Stratasys (NASDAQ:SSYS) reported weak second-quarter 2020 results before the market open on Wednesday, Aug. 5. 

Shares of the 3D printing company closed up 0.5% on Wednesday. We can attribute the market's very muted reaction to the company turning in a "mixed report," in Wall Street lingo. Earnings beat the analyst consensus estimate, while revenue came in lighter than expected. 

Close-up of a 3D printer printing a green plastic pineapple.

Image source: Getty Images.

Stratasys' key numbers

Metric

Q2 2020

Q2 2019

Change

Revenue

$117.6 million

$163.2 million

(28%)

GAAP operating income

($29.3 million)

$0.8 million

N/A. Result flipped to negative from positive.

Adjusted operating income

($8.1 million)

$9.1 million

N/A. Result flipped to negative from positive.

GAAP net income

($28.0 million)

$1.2 million

N/A. Result flipped to negative from positive.

Adjusted net income

($7.4 million)

$8.5 million

N/A. Result flipped to negative from positive.

GAAP earnings per share (EPS)

($0.51)

$0.02

N/A. Result flipped to negative from positive.

Adjusted EPS

($0.13)

$0.16 N/A. Result flipped to negative from positive.

Data source: Stratasys. GAAP = generally accepted accounting principles.

Stratasys said the revenue decline was "primarily" due to the COVID-19 pandemic, which began hurting demand for its products and services in March. The crisis resulted in the temporary closures of many companies in its target markets, particularly those in the industrial sector

In the first quarter, the company's revenue declined 14% year over year to $132.9 million. So, sequentially, revenue fell 12%. 

For context, in the second quarter, rival 3D Systems' (NYSE:DDD) revenue dropped 29% year over year and fell 17% from the first quarter.

Wall Street was looking for Stratasys to post an adjusted loss per share of $0.20 on revenue of $121.7 million. So the company easily beat the bottom-line expectation, but missed on the top line.

The company used $9.7 million of cash from operations during the quarter and ended the period with $313 million in cash and cash equivalents. That's down just $12.5 million from the $325.5 million in cash it had at the end of the first quarter. It has no debt.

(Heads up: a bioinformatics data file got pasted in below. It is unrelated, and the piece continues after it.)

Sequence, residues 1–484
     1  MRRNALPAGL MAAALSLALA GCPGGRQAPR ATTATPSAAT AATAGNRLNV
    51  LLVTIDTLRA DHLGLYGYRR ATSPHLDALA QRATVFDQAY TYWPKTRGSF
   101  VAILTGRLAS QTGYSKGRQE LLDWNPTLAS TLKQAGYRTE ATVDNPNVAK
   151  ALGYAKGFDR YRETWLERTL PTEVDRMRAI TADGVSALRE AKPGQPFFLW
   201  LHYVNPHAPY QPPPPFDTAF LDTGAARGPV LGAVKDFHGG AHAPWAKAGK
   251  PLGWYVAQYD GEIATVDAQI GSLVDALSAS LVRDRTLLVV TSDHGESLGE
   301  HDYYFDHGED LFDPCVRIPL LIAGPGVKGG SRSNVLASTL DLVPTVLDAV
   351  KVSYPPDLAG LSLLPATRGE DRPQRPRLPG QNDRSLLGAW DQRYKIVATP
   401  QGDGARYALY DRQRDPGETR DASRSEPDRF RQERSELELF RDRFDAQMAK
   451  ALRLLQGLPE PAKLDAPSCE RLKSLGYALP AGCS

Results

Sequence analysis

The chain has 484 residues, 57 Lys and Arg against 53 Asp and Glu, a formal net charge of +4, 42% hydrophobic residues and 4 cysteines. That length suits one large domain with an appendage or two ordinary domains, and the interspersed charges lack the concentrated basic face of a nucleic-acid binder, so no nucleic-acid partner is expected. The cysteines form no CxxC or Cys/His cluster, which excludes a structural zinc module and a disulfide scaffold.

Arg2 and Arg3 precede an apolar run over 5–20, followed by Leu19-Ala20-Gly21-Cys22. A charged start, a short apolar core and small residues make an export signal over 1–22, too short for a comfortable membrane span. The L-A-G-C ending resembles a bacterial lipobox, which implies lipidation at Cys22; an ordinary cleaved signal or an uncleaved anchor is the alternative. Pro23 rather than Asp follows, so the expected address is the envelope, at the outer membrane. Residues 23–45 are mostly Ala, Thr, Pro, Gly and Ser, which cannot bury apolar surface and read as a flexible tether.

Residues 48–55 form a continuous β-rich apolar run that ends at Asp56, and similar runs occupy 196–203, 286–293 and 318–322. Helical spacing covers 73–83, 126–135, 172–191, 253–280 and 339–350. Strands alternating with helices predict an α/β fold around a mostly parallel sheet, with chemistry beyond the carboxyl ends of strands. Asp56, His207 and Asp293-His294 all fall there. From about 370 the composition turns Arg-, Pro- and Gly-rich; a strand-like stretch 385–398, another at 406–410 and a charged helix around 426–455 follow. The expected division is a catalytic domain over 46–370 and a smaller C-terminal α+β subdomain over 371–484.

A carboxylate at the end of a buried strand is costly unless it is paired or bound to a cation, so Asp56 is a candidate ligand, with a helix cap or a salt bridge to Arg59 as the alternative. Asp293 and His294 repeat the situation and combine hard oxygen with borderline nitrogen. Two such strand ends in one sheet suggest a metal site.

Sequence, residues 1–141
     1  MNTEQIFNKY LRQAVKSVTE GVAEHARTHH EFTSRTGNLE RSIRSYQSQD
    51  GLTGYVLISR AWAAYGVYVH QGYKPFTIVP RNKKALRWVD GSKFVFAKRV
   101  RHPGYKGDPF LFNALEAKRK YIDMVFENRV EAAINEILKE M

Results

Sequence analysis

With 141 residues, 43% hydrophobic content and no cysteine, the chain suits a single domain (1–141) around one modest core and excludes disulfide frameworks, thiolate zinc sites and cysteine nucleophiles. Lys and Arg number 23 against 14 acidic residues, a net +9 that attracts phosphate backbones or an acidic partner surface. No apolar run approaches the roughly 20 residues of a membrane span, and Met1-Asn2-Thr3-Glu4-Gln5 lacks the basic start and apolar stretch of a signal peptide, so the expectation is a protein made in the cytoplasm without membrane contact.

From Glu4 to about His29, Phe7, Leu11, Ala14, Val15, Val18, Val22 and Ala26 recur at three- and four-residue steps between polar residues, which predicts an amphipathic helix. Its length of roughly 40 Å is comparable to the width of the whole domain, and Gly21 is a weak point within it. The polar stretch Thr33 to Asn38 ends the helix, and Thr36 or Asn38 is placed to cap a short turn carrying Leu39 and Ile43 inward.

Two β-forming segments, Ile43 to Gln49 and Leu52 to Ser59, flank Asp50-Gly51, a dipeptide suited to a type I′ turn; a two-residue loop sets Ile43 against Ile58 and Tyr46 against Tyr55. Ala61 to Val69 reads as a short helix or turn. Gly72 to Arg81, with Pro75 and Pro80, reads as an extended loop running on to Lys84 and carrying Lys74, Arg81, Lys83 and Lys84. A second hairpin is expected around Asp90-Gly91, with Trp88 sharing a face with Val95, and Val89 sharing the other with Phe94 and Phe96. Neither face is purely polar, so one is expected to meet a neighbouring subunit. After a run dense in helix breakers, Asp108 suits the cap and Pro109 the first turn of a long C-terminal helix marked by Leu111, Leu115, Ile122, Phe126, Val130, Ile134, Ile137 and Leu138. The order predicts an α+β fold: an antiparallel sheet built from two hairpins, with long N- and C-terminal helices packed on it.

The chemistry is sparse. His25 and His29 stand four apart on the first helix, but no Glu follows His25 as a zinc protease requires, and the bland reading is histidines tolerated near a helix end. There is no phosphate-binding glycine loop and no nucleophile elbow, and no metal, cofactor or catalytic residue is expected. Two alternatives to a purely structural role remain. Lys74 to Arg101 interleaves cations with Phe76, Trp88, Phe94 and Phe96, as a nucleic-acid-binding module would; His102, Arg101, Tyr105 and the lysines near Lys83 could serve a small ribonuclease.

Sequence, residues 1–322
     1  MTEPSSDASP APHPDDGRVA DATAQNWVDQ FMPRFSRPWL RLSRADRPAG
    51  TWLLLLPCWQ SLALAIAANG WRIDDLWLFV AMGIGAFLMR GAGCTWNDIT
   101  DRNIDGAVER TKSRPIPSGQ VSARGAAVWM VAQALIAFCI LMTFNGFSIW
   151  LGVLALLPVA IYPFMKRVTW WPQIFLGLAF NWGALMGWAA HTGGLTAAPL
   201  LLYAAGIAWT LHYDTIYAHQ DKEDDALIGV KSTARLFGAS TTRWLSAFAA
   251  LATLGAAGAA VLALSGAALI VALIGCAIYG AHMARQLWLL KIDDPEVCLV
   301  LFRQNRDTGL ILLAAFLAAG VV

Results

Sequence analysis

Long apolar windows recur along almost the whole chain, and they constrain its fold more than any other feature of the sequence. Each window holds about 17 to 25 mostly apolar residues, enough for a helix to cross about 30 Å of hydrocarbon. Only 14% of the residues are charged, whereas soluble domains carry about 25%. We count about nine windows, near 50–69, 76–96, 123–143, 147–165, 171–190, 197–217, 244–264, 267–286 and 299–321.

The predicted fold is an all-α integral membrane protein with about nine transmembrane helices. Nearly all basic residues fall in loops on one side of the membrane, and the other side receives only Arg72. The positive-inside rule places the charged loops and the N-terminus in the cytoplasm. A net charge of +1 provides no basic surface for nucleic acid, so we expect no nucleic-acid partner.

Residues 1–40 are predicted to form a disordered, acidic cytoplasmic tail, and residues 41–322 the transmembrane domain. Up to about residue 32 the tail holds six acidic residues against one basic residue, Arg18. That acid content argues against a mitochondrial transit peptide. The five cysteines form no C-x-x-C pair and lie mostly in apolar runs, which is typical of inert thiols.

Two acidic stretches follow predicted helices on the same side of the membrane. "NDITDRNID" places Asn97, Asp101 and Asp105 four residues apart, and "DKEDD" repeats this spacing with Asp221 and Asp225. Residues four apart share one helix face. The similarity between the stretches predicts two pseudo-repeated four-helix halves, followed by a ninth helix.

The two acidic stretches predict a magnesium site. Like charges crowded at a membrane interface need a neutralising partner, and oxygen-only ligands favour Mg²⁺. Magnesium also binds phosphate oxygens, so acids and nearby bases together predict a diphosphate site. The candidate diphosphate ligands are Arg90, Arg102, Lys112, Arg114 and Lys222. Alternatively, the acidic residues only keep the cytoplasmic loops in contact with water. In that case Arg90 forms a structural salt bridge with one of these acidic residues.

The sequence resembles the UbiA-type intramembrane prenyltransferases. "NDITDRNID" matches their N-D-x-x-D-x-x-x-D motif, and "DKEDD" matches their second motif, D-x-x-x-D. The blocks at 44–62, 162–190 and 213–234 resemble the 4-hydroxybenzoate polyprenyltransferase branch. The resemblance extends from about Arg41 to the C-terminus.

Stratasys is doing an excellent job managing costs and conserving cash during the pandemic. 

GAAP gross margin was 37.2%, down from 49.7% in the year-ago period. Adjusted gross margin landed at 45.4%, down from 52.5%.

Stratasys attributed the gross margin decline to a shift in sales mix away from consumables (which sport high profit margins) due to the pandemic. It "strongly believes that gross margins will recover as our customers return to their pre-COVID utilization levels," it said in the earnings release.

Segment results 

Segment

Q2 2020 Revenue

Change (YOY)

Product

$73.9 million

(33%)

Service

$43.7 million

(17%)

Total

$117.6 million

(28%)

Data source: Stratasys. YOY = year over year.

Within the product segment, 3D printer revenue plunged 36% year over year and consumables (print materials) revenue dropped 31%. 

What management had to say

Here's part of what CEO Yoav Zeif had to say in the earnings release:

3D printing continues to penetrate further into manufacturing across every relevant business sector. Despite the current macro slowdown due to COVID-19, we remain very optimistic about where our business and our industry is headed. The largest opportunity for us in 3D printing is in polymers, and the fastest-growing area is manufacturing. We are already a leader in polymer additive manufacturing and expect to increase our presence through new offerings that will focus on delivering incremental customer value, especially in the fast-growing manufacturing applications, where we see the longest runway.

Looking ahead

While Stratasys had a weak quarter, management is doing a great job at minimizing the pandemic's impact on its cash position. The company's balance sheet remains very strong with $313 million in cash and cash equivalents and no debt. 

Last quarter, management withdrew its full-year 2020 guidance due to uncertainties surrounding the pandemic.